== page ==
A protester's sign at a pro-choice rally in Dublin William Murphy

If I were to draw a diagram of female reproductive organs as they exist in Ireland, I would include not just the ovaries and the fallopian tubes, but the Irish constitution.

I know that my body is not really my own. It belongs to the state.

“You cannot take your own moral compass and brand it onto the bodies of your fellow citizens”

This is because, even if your child will not survive its first breath outside the womb, even if you’re raped, even if your unborn fetus is the product of incest, or even if you are dead, you cannot get a legal abortion in Ireland.

I wish that were hyperbole, but Irish doctors kept a rotting body ‘alive’ because that body was host to an unborn fetus. The doctors deferred to the eighth amendment of the constitution, which affords equal rights to the mother and the unborn child. Only when the high court ruled that the brain-dead woman’s life support could be switched off could the doctors allow for her body to be returned to her grieving family.

The eighth amendment can make some people feel a lot less like people, and a lot more like incubators.

The Irish people suffer from the fact that none of our political heavyweights has ever seriously articulated the case for liberal government, for a government that doesn’t stick its head into your private life and look to legislate for personal morality.

Historically, the Irish political classes have excelled at ‘holier than thou’ brinkmanship. Quite literally. The church and state are still very much entangled in Ireland.

However, I have no issue with whatever anyone believes, as long as those beliefs do not take away from the freedoms of anyone else. It follows that I have no qualms with anyone who follows the teaching of church on the issue of abortions, but that I have serious qualms with anyone who wants to legally impose that teaching on me.

If you cannot convince someone that life begins at fertilization, and therefore that abortion is evil, you cannot expect to win this moral argument by legislative force. A liberal democracy should not base its laws on the moral teaching of one religion. It has to tread lightly, so as not to stomp on a pluralist society which allows for people to make their own choices. The state needs to be wary of its unusual capacity for violent interference in the lives of its citizens.

There is no single authority, religious or otherwise, that has the final say on when life begins; it’s a philosophical and moral muddle.

An assertion that human life begins at fertilization is an arbitrary assertion. Given this flimsiness, you cannot take your own moral compass and brand it onto the bodies of your fellow citizens.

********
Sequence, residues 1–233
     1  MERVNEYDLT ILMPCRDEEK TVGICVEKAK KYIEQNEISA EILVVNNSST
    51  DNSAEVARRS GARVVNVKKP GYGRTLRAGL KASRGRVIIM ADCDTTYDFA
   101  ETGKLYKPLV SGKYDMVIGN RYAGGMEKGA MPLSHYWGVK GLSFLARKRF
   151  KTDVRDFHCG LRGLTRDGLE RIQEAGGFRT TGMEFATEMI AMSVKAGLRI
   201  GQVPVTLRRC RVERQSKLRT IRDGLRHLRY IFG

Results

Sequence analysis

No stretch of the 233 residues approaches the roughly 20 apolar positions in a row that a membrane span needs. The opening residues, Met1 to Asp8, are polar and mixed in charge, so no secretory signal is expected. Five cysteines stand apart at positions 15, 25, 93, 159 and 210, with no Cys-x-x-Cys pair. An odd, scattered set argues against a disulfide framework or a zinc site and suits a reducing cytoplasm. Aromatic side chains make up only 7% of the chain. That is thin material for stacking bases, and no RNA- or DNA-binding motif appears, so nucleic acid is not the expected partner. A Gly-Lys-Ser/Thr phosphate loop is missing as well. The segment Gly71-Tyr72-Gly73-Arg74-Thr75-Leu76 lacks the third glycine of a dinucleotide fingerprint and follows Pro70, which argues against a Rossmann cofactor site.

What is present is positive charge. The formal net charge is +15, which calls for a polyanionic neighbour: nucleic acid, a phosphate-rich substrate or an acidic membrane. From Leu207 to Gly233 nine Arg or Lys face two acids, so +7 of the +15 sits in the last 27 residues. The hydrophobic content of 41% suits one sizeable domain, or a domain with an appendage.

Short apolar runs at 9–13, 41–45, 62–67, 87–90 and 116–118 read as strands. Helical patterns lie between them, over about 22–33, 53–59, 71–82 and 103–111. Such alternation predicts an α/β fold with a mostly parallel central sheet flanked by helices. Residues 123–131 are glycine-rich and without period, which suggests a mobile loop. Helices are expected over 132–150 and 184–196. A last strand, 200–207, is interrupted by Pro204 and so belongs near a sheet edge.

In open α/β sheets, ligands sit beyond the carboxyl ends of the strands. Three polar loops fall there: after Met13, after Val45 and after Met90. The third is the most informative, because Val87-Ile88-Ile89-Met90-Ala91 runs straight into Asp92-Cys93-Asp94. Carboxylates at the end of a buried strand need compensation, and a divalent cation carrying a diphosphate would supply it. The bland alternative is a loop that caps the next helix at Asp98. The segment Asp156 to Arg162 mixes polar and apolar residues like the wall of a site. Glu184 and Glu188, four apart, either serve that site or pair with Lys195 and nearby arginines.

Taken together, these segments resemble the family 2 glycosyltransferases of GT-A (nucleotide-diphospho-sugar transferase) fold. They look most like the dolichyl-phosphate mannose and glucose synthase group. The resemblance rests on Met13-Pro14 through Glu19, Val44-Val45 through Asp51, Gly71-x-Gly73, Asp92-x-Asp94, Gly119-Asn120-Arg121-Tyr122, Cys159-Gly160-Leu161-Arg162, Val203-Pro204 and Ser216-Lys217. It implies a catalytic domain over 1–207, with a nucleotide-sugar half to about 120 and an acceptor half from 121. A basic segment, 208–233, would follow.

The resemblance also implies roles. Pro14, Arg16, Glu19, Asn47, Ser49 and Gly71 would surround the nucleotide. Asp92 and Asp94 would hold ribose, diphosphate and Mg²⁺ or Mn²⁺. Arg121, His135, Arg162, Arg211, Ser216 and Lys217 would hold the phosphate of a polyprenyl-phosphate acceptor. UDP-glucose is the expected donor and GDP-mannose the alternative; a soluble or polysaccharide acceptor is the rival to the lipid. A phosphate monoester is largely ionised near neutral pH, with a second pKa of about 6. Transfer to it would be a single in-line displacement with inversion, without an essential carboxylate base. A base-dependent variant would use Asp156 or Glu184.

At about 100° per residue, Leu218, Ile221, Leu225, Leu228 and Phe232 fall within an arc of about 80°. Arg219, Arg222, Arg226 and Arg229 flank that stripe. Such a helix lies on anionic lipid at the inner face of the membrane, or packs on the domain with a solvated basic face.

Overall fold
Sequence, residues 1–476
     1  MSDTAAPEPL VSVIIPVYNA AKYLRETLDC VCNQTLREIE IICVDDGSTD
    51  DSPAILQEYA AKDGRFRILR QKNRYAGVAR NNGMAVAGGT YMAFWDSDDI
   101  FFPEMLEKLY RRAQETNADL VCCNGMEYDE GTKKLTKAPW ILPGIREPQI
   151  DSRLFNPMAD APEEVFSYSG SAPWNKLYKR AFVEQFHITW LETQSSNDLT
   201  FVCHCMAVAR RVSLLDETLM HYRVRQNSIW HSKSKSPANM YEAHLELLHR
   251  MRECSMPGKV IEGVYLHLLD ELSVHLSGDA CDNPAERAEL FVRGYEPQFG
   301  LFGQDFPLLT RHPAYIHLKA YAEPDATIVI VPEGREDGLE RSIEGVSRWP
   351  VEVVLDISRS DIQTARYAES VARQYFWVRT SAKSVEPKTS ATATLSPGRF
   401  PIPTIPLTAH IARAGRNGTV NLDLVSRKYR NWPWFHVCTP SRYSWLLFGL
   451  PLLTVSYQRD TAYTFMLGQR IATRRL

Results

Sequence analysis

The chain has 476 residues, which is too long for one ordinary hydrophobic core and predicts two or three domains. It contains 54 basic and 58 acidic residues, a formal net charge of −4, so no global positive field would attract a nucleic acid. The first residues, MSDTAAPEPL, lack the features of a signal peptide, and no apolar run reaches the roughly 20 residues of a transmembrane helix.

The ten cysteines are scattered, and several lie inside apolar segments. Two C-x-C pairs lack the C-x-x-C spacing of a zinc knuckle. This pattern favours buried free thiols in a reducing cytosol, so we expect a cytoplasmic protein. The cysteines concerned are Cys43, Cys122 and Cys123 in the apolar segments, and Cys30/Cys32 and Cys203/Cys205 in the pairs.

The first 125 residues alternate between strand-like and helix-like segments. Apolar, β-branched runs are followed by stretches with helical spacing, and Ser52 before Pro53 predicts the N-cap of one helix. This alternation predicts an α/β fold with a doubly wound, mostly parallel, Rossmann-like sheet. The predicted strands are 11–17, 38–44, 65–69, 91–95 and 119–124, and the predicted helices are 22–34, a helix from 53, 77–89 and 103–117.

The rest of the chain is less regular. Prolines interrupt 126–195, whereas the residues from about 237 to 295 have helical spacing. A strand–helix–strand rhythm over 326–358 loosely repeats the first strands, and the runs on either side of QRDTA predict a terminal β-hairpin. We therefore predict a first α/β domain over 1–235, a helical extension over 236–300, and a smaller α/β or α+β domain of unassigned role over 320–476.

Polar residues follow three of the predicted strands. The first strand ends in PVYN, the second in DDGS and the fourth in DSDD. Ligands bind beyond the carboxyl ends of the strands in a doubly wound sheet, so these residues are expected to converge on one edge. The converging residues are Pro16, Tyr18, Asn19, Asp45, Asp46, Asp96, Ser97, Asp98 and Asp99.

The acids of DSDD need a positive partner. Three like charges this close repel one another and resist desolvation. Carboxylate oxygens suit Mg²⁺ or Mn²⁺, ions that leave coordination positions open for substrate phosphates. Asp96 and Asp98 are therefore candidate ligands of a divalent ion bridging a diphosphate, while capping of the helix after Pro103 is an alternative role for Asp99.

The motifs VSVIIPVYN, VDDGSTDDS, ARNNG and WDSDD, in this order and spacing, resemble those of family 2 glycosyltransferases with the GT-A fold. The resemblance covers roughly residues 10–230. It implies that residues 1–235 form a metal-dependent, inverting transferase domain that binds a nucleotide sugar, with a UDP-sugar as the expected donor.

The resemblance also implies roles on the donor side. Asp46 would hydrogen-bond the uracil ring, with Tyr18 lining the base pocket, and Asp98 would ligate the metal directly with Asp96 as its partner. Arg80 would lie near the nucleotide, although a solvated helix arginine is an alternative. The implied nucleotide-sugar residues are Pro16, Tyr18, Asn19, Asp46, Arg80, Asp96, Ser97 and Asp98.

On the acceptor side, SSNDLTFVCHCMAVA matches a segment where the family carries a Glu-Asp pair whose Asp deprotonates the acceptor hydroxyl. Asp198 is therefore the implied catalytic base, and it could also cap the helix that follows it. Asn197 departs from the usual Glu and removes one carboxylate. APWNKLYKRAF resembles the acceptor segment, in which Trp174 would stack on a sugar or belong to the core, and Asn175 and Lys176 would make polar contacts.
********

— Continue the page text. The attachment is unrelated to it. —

“Irish people must not grow complacent, but must work to expand access to free, safe, and legal abortions elsewhere in the world”

Potential to become life does not equate to life itself. That is why nobody seriously considers translating the Monty Python sketch ‘every sperm is sacred’ into law. It’s not just because it would be impossible, not to mention pretty icky, to police.

As it stands, the eighth amendment does not prevent Irish abortions in practice. Since 1980, over 150,000 terror-stricken individuals have had to travel across the sea for safe, legal abortions.

If they couldn’t afford that, and abortion is very much a class issue, many resorted to incredibly dangerous, incredibly traumatic, means of procuring terminations. Today, many trust themselves to the dark web. And as soon as you take a punt on pills procured from the dark web, you risk 14 years in prison, should this ever be reported to the police.

Instead of being able to have a serious discussion about their health with a GP, young people have had to interpret the medical mysticism that criss-crosses the walls of public bathrooms.

It’s not good enough and I encourage your outrage, but not your condescension.

In the early 90s, the current Foreign Secretary Boris Johnson, then a journalist, ridiculed ‘Irish Mullahs’ for their draconian views on abortion. His unhelpfully haughty analysis neglected to mention that Northern Ireland, which has so often bristled at the thought of divergence from Britain, also has an outright ban on abortion.


Mountain View

We should be more concerned about Northern Irish abortion laws

In May, the people of Ireland will have to vote to repeal the eighth amendment, and to put to bed the view that we are a fixedly antediluvian nation. If the Eighth Amendment is repealed, the government has pledged to put legislation allowing abortion in the first 12 weeks of pregnancy.

If (and I’m now nervous that, like Hansel and Gretel, the trail of conditionals I’ve scattered is not quite as secure as I might like), this legislation becomes a reality, Irish people must not grow complacent, but must work to expand access to free, safe, and legal abortions elsewhere in the world, and we must work so that liberal voices continue to shape national politics.

But then again, these are big ifs

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